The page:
River Witham Facts

The River Witham is an English river located almost entirely in the county of Lincolnshire. Its source is in South Witham, Lincolnshire, and it empties out into The Haven in Boston, Lincolnshire. It is 132 km (82 miles) in length.

Facts About the River Witham

  • The River Witham has been an important navigable river since the Iron Age, and the Romans used the River Witham as a means of accessing Lincoln.
  • The River Witham flows past or through several towns (such as Grantham and Boston), and the city of Lincoln.
  • The river flows into Brayford Pool in Lincoln, and from there it leaves via a narrow channel under High Bridge. High Bridge is the oldest UK bridge with buildings built on top of it. It was built in the 12th century.
High Bridge in Lincoln (late 19th Century)
High Bridge in Lincoln (late 19th Century)
  • The meaning of the name Witham is unknown, although historians believe it is an exceedingly old word, perhaps even pre-dating the Celts.
  • The Witham Shield, a 4th-century decorative bronze shield, was discovered in the River Witham in 1826.
  • The Grand Sluice was constructed in 1766 to control the waters of the River Witham. It separated the tidal Haven from Witham, and incorporated a lock to secure river navigation. The Grand Sluice prevented regular flooding between Boston and Lincoln, and it allowed thousands of acres of farmland to be reclaimed.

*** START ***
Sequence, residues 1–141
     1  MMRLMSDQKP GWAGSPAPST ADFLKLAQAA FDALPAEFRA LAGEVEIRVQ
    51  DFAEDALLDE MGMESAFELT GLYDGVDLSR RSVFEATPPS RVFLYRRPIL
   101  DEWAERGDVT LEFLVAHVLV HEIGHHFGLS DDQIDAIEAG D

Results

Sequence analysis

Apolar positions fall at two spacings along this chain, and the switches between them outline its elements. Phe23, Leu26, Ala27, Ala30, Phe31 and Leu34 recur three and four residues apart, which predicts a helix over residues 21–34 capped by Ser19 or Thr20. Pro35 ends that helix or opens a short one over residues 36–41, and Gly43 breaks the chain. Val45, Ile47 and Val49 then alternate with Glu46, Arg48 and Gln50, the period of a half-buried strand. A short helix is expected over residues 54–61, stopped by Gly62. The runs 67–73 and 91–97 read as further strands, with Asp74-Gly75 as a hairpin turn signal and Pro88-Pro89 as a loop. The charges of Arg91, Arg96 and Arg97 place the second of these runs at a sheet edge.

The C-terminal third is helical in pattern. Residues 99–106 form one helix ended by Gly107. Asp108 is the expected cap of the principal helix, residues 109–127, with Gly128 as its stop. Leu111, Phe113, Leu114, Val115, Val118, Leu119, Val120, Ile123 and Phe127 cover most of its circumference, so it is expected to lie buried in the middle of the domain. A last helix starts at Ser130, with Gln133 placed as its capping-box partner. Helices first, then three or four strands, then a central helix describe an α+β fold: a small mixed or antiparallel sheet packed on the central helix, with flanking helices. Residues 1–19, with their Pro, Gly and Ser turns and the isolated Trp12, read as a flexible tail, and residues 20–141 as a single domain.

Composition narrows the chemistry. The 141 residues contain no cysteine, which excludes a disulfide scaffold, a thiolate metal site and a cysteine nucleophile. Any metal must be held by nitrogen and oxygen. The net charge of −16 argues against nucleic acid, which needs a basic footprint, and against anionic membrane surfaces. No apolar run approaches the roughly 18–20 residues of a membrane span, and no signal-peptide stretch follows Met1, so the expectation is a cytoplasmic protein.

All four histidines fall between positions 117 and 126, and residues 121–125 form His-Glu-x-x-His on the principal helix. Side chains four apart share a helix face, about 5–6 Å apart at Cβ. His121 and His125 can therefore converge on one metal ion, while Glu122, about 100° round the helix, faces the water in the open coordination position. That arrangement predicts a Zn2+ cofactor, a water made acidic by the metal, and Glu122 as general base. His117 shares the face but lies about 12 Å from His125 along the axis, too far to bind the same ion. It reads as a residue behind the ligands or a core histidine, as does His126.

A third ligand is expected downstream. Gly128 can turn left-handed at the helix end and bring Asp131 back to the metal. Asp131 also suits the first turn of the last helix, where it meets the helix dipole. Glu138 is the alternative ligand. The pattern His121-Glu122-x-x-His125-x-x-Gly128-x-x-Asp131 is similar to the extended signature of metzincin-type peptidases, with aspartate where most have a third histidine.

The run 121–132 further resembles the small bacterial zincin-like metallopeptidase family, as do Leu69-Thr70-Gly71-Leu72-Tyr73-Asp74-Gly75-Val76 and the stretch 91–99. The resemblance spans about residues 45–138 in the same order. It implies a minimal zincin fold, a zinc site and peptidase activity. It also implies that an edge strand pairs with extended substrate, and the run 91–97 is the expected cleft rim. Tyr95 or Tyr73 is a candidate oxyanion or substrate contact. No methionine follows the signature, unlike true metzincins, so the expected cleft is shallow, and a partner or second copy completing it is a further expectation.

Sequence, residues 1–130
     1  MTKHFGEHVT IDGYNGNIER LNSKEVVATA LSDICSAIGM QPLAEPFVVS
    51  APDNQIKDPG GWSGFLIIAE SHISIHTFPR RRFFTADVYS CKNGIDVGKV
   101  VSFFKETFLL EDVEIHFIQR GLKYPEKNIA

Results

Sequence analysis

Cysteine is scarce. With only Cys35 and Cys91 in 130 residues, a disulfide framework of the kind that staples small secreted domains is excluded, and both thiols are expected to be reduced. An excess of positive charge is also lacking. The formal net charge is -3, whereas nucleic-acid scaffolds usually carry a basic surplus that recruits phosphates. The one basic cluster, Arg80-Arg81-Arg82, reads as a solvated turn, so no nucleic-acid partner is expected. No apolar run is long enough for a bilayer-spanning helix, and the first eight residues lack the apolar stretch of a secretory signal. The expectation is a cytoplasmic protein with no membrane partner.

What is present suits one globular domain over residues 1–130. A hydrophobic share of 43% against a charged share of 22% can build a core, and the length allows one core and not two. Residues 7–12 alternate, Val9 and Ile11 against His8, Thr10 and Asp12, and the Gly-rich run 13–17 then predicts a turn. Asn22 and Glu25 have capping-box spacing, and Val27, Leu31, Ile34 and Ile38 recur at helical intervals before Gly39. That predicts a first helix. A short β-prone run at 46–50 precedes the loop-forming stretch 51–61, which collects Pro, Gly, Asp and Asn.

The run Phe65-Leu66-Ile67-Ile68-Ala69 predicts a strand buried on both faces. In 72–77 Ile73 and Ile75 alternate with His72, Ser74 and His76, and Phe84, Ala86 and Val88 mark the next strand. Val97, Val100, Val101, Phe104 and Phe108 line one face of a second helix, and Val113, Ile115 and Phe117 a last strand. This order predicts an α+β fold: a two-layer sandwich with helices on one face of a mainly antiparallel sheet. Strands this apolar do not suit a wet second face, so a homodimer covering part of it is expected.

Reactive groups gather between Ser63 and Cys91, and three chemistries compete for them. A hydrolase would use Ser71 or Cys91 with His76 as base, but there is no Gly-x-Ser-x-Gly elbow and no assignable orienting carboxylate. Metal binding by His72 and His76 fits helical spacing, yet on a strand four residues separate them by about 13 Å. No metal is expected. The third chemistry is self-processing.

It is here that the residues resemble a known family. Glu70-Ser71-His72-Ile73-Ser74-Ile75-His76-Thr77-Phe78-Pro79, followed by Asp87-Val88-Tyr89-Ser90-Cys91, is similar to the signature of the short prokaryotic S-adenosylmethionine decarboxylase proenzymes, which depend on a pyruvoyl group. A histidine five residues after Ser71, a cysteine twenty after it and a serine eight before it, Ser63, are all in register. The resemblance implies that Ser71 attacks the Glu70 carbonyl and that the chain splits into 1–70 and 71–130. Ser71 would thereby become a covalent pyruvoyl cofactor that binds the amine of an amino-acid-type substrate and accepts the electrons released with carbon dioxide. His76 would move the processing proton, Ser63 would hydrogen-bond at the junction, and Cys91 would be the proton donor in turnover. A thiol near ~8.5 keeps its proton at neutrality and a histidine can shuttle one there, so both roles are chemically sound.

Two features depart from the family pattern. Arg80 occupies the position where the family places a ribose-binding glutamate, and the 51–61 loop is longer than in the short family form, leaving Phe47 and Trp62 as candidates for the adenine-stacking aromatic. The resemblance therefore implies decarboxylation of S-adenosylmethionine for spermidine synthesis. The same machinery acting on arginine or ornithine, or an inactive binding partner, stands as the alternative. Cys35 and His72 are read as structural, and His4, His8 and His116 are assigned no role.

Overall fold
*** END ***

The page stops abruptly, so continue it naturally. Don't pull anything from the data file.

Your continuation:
• Some of its tributaries include River Brant, River Bain, Honington Beck, Barlings Eau, Grantham Canal, Nocton Drain, Bucknall Beck, and Catchwater Drain.
  • The River Witham’s drainage basin is more than 3800 square kilometres.
  • The Fiskerton Log Boat is an Iron Age boat discovered on the banks of the River Witham during a 2001 archaeological excavation near Fiskerton. More than 6 metres in length, the boat was made from a single tree trunk. It is thought that it was deliberately sunk as some form of ceremonial offering.
  • The first mile of the River Witham’s course is located in Leicestershire.
  • The River Witham Sword is a double-edged Medieval sword recovered from the River Witham in 1825. It is believed to have been manufactured in Germany in the late 13th century.
  • According to fishbrain.com, the most commonly-caught fish in the River Witham are perch, roach, dace, pike and rudd. People have also caught chub and tench in the waters of the Witham.

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